Thanks to Jim Kouri

Monday, December 29, 2008

Racketeering Trial to Show Mob's Grip on Ports

Authorities say the case against suspected New Jersey hit man Michael Coppola, as laid out in documents filed this month in federal court in Brooklyn, is a look into how organized crime controls the ports of New Jersey and New York, according to a report in the Philadelphia Inquirer.

Two months ago, a federal grand jury in Brooklyn indicted Coppola, 62, on racketeering charges built around the corruption of the Newark arm of the International Longshoremen's Association, and a decades-old murder of a mobster in a Bridgewater motel parking lot.

Attorneys will argue in January whether that murder case should go forward.

Tuesday, November 04, 2008

"What're you going to do now, tough guy?"

A jailed reputed mobster was charged on Monday with the 1977 slaying of a gangland rival who used his last words to taunt him in a motel parking lot.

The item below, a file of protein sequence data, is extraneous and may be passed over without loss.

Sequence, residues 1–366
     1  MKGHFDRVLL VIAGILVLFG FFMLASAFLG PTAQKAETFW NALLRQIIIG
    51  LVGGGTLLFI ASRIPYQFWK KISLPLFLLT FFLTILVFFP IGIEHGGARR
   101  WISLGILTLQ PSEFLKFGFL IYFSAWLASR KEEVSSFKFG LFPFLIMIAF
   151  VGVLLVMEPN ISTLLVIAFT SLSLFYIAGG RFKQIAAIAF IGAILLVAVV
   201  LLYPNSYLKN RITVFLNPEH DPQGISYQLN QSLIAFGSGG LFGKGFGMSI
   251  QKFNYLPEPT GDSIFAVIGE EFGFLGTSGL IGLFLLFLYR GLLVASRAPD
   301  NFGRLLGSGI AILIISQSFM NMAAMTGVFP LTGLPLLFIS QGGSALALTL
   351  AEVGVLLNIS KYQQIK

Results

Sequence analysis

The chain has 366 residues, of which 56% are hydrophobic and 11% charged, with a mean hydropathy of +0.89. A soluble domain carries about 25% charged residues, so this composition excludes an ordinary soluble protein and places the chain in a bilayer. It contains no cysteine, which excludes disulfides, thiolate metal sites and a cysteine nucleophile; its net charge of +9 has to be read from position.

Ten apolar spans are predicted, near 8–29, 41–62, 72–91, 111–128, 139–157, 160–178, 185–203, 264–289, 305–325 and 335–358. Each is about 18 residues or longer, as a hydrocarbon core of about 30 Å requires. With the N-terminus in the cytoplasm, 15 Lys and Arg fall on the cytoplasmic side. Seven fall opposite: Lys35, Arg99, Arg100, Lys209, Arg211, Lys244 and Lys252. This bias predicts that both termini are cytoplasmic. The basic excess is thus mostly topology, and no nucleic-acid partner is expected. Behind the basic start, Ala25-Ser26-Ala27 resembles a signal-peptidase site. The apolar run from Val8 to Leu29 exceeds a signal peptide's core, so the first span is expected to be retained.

"What're you going to do now, tough guy?" Giovanni "Coca Cola" Larducci asked when Michael Coppola's gun jammed during the New Jersey confrontation on Easter 1977, prosecutors said.

Coppola has bragged to cooperators that he responded by pulling out another pistol from an ankle holster and shooting Larducci dead, prosecutors said.

The slaying was recounted in court papers alleging Coppola also infiltrated and shook down a labor union for the Genovese organized crime family.

Coppola pleaded not guilty on Monday in federal court in Brooklyn to murder, extortion and other charges.

Defense attorney Henry Mazurek said outside court that the evidence against Coppola is flimsy. His client, he said, was "more than optimistic about beating these charges."

Coppola, 62, was arrested last year after becoming one of New Jersey's most-wanted fugitives. He went underground in 1996 with the help of his wife to duck a court order requiring him to submit a DNA sample in the Larducci slaying.